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Out of Sight, but Not Out of Mind? A Behavioral and Electrophysiological Investigation of Food-Related Attentional Bias in Perception and Working Memory

Zachary Jay Cole, University of Nebraska - Lincoln


Obesity and lack of physical activity are two of the primary causes of preventable death across the globe. In general, obese individuals show a bias in attention toward food-related visual cues. This bias appears to result from a complex interplay between individual differences in reward sensitivity and attentional control. While some indications are that obese individuals tend to show poor attentional control and emotion regulation, the cognitive and neural mechanisms supporting these abilities are also affected by physical health factors such as physical activity and fitness. Additionally, physically active or fit individuals are also shown to bias attention toward healthier visual cues than sedentary or unfit individuals, referred to as motivational congruency. The current literature considers food-related attentional bias and the influence of physical activity and fitness almost entirely within the context of controlling attention to external factors (i.e., perceptual attention), but not attention to internal thoughts and feelings (i.e., reflective attention). The present study bridges this gap in the literature by investigating the effect of weight status and physical activity level on attentional bias to food and health-related scene pictures across mirrored perceptual and reflective attention tasks. Response times did not provide any indications of attentional bias toward food items, nor motivational congruency for the perceptual or reflective tasks. Eye tracking and ERP data were able to provide more fine-grained observations of the attentional bias effects by differentiating early approach and avoidance of the stimuli. For the perceptual task, the eye tracking and ERP effects were largely attributable to the task manipulation rather than to individual differences in weight status or physical activity level, although overweight participants showed some evidence for lower attentional control in general. For the reflective attention task, the eye movements and ERPs provided tentative evidence for food-related attentional bias, and a motivational congruency effect in the opposite direction to what was expected. Although the findings from this study are encouraging, the study faced significant limitations, requiring thoughtful replication studies to confirm the conclusions drawn from the current study.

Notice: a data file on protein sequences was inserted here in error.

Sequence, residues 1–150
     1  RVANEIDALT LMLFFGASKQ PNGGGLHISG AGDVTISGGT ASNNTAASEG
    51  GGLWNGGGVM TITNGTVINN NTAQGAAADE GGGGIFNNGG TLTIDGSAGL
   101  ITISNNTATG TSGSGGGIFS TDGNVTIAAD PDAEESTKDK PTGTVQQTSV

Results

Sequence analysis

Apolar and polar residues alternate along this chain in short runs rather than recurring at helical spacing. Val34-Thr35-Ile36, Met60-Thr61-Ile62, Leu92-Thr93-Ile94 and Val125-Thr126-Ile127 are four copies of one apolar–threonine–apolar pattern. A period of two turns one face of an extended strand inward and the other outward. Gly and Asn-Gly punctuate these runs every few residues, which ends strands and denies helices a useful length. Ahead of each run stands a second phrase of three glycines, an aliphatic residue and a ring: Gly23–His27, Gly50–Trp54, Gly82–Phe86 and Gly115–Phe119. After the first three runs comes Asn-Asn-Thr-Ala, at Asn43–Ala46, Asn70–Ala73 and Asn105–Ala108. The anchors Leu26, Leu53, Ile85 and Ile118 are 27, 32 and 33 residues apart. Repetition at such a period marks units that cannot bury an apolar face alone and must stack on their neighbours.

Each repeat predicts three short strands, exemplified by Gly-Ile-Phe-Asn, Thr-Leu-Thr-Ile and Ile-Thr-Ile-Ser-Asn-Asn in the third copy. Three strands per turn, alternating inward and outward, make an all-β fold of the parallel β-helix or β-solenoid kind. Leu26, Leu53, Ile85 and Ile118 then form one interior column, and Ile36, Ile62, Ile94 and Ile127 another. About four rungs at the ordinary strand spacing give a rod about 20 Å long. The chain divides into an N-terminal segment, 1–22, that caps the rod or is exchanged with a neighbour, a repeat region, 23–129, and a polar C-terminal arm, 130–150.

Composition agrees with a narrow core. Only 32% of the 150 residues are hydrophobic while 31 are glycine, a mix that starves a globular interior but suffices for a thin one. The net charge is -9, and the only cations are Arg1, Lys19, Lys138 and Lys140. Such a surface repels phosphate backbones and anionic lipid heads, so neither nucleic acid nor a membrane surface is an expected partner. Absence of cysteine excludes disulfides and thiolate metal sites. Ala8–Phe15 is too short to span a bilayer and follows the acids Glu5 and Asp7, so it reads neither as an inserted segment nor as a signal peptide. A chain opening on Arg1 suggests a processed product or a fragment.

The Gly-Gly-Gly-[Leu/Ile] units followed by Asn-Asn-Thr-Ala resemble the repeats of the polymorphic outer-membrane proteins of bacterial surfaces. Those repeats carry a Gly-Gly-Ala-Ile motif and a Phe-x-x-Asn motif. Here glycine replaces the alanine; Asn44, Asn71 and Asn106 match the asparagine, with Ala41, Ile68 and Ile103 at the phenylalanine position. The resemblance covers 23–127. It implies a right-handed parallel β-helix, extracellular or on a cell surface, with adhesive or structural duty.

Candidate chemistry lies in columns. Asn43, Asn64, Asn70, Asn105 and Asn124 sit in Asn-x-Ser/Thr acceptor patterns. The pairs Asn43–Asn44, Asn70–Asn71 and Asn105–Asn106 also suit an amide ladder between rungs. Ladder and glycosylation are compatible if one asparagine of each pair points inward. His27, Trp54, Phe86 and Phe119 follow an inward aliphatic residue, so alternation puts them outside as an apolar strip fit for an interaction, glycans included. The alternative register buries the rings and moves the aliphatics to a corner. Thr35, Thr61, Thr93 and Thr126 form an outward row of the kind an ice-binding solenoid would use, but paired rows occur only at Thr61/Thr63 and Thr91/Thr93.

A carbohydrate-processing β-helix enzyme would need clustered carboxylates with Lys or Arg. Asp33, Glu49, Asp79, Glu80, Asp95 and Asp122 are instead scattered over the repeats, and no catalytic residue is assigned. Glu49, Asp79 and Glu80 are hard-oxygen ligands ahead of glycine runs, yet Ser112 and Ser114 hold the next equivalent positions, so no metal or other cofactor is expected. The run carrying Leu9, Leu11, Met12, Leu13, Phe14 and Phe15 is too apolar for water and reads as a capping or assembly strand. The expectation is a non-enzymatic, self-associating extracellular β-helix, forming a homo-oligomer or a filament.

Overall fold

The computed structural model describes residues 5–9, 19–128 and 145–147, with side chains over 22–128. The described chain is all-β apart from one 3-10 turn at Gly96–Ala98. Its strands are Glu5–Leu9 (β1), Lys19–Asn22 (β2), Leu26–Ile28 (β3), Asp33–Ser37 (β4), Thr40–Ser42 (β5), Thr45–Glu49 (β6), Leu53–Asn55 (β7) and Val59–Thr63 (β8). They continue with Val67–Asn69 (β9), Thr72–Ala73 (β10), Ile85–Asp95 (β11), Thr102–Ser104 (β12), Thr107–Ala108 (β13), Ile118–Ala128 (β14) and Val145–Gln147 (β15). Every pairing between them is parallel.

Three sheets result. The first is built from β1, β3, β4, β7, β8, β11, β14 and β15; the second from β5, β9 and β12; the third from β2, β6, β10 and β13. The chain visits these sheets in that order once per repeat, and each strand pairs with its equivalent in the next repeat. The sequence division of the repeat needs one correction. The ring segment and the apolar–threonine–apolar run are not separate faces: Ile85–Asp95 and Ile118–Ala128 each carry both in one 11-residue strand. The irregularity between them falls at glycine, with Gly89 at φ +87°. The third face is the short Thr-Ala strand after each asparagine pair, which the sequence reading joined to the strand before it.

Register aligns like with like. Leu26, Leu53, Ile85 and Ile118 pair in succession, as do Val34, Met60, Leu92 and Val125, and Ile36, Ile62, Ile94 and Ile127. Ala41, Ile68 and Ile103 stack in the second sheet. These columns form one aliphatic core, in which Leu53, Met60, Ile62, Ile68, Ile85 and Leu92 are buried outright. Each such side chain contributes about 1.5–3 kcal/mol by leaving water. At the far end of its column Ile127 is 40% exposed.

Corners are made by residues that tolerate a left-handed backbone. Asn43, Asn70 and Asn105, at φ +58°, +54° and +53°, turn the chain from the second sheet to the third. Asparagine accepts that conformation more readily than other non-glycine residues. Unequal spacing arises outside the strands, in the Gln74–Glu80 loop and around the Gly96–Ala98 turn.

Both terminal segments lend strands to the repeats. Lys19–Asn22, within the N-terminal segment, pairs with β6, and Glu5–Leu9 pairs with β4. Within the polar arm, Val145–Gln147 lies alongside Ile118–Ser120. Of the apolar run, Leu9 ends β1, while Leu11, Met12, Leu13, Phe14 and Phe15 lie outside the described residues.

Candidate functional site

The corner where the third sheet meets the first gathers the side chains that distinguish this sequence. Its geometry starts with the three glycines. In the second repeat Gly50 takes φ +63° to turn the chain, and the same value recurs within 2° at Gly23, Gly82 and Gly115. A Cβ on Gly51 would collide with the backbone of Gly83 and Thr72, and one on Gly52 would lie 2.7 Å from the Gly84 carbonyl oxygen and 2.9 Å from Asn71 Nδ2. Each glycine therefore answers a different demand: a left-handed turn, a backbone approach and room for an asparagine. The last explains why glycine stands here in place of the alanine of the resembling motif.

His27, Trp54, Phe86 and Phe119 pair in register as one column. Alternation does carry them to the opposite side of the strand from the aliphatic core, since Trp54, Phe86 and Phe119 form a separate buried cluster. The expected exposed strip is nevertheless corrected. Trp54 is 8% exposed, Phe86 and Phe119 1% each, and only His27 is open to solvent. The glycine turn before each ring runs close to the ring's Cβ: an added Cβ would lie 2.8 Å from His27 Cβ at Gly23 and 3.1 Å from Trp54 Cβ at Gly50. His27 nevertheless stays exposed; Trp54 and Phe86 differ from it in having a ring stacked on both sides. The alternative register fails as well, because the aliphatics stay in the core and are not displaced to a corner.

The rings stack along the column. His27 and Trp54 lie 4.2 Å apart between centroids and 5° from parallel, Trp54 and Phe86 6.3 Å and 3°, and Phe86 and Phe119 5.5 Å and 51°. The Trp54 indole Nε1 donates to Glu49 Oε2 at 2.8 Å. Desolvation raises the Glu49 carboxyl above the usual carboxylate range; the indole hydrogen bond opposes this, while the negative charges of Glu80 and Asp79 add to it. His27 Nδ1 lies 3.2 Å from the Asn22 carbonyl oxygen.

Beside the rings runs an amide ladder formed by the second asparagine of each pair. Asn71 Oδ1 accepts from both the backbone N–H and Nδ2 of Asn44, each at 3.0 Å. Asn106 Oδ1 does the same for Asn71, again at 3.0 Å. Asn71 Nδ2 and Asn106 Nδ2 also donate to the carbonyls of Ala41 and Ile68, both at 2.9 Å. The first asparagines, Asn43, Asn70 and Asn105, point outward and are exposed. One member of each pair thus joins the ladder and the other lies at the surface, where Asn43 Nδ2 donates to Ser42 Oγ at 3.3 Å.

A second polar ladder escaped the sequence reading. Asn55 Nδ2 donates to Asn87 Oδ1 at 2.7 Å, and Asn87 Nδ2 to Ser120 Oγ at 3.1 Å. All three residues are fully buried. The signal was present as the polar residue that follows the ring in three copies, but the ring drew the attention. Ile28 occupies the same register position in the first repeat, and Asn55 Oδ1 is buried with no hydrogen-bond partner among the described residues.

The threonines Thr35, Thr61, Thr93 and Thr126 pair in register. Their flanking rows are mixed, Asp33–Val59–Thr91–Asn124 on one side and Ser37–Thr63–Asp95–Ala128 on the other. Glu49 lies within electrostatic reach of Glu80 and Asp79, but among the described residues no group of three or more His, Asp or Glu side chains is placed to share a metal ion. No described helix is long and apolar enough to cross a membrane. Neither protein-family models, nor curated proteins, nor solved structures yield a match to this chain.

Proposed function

Subject Area

Neurosciences|Cognitive psychology

Recommended Citation

Cole, Zachary Jay, "Out of Sight, but Not Out of Mind? A Behavioral and Electrophysiological Investigation of Food-Related Attentional Bias in Perception and Working Memory" (2023). ETD collection for University of Nebraska - Lincoln. AAI30575068.